Pilotto For The People
With news of a Target collaboration hot off the press, we ponder that which makes a diffusion line successful.
Can you remember the first time you were given a chance to finally stand face-to-face (and taller, I might add) with apparel from the expensive-ass, high fashion brands that once seemed so fancy you were afraid to even eye them while they flourished (or is it languished?) in the windows at Barneys — and what’s more, actually afford it?
For me, it was right around the time news broke that H&M would be collaborating with Karl Lagerfeld. Or Stella McCartney. I forget which one came first. Though I knew little about the latter (I was still riding the coattails of middle school), I did know the collaboration was reason enough to beg my mom to let me skip class and allow me to take the subway to 59th street where I could — and would — get on line for a chance to buy the Stella-approved polyester from the Swedish clothes whisperers. So I did.
But when I finally got in and managed to ransack the place in pursuit of just one meager blouse, the anticipation proved much more exciting than the actual garment. Though I found the blouse, I no longer wanted it. So here was this 15-year-old girl with $60 burning a hole through her pocket, holding a shirt (it was white, long, oversize and featured a paltry sash belt) stamped with the McCartney label and therefore emanating only the most exclusive sense of zeal, and I wasn’t interested. What happened?
As future collaborations for H&M and beyond (Target, Uniqlo, Kohl’s, Macy’s, even Anthropologie) would proliferate alongside pedigreed names like Missoni, Matthew Williamson, Versace, Rodarte, Proenza Schouler, Jason Wu, Thakoon, Giambattista Valli, Peter Som, Phillip Lim… I wasn’t quite sure why some worked (I couldn’t have ambushed Margiela or Lanvin for H&M quicker) and some didn’t (Derek Lam and Narciso Rodriguez are two of my absolute favorite designers, and yet when reinterpreted with Kohl’s at an accessible price point, niente).
But when news dropped yesterday that the most recent brand to sign on to Target’s robust-and-growing roster of designer collaborations was Peter Pilotto, a lightbulb switched on. The partnership was announced at the designers’ Spring/Summer 2014 show in London just before Pilotto and Christopher De Vos’ comprehensive series of 32 dresses would walk the runway in a gradation in line with the now pervasive, bright, kaleidoscopic prints emblematic of the brand. In fact, I am certain that if I didn’t tell you the above images were from yesterday’s show, you’d probably know it on your own.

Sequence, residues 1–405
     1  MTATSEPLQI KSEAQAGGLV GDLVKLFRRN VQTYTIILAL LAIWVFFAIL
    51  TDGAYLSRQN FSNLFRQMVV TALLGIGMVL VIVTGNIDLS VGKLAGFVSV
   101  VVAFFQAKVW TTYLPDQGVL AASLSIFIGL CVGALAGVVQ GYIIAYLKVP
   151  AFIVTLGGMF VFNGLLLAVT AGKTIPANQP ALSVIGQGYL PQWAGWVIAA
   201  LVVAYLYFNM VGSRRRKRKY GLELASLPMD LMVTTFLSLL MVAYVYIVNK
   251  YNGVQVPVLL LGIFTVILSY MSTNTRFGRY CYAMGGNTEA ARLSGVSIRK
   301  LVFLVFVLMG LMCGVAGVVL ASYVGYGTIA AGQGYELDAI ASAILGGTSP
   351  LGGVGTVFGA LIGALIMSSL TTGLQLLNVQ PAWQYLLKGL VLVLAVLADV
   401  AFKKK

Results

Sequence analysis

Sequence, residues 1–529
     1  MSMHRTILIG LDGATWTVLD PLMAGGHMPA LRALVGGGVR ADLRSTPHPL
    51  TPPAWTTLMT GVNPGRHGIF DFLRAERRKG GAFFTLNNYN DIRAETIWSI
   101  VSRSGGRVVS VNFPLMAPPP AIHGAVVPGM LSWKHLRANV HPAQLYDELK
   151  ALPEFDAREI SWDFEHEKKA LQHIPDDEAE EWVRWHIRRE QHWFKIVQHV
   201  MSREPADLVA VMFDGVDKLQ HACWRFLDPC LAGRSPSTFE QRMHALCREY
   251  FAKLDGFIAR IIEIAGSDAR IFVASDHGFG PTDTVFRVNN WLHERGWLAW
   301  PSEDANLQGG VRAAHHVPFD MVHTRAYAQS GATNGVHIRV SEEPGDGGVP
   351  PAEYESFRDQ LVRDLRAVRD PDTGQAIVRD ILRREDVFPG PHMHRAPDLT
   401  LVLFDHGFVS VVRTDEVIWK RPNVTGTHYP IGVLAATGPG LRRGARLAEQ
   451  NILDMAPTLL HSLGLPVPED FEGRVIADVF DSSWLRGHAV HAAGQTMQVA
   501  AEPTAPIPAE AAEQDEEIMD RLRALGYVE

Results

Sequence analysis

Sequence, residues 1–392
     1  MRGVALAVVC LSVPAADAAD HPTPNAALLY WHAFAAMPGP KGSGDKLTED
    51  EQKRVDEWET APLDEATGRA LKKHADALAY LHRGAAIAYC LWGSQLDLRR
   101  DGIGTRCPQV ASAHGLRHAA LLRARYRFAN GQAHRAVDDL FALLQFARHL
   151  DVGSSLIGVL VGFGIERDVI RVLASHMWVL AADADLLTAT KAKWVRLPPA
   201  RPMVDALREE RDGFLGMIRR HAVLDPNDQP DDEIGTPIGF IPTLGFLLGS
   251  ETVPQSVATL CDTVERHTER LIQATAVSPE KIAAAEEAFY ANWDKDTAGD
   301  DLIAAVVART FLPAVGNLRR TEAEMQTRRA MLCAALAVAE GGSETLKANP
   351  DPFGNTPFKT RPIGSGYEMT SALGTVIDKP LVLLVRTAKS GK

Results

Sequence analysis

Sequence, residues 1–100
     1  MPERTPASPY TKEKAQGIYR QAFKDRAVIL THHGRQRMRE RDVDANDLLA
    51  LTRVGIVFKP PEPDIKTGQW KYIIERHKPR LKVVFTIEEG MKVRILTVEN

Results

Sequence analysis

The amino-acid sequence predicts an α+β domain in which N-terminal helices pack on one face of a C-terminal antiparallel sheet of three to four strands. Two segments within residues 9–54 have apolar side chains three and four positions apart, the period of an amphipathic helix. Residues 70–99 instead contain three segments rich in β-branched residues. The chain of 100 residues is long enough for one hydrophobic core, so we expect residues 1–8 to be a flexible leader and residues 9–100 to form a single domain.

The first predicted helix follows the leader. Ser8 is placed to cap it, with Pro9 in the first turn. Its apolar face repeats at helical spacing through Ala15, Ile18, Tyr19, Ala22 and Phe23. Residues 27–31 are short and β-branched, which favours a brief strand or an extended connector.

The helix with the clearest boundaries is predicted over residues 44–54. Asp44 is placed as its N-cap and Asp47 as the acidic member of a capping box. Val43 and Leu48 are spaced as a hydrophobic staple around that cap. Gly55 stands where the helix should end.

It’s the prints. That’s got to be it. When a designer like the preferred Derek Lam or Narciso Rodriguez or Francisco Costa agrees to take what is already exceptionally approachable – albeit highly expensive – and pare down the years of minimalist appeal and maximalist, elite fabrication, what are we left with? Some chinos? A pair of slacks?
A plain white blouse.
It must have occurred to me without actually occurring to me while gripping that Stella McCartney for H&M shirt nine years ago, that without featuring at least, oh, I don’t know, one fruit print or a series of polka dots or a large geometric plaid, what’s the use in buying the Stella McCartney version of H&M when I can probably just buy the H&M version? Half the beauty in indulging in Stella McCartney or the anterior Lam, Rodriguez and so forth is knowing that even though you may get complimented for your incredibly well tailored jacket, only fashion’s pundits will really know who it’s by.
There are, of course, exceptions to this rule. When Jil Sander was designing for Uniqlo, it seemed that for a moment we could have it all: the clothes and food money.
But where big box collaborations really prosper is through partnering with brands who have already pinned down a very distinct course of style. There’s a reason some simple white button-downs cost hundreds of dollars. It’s in the fabric, the cut, the craftsmanship – areas where manufacturers can’t afford to be as stringent with larger buys at a lower price point.
There’s far more flexibility when the focus is a known design element or print, like Missoni for Target. That way, when you’re selling the clothes, you’re not really selling clothes — you’re selling a remarkably accepted concept. The name Peter Pilotto instantly calls to mind exactly what a Pilotto print looks like. And if Target can translate print to paper, or rather to fabric, that’s bait for a paramount diffusion line. Just count us out for the simple separates.
Images via Vogue.com from yesterday’s runway show.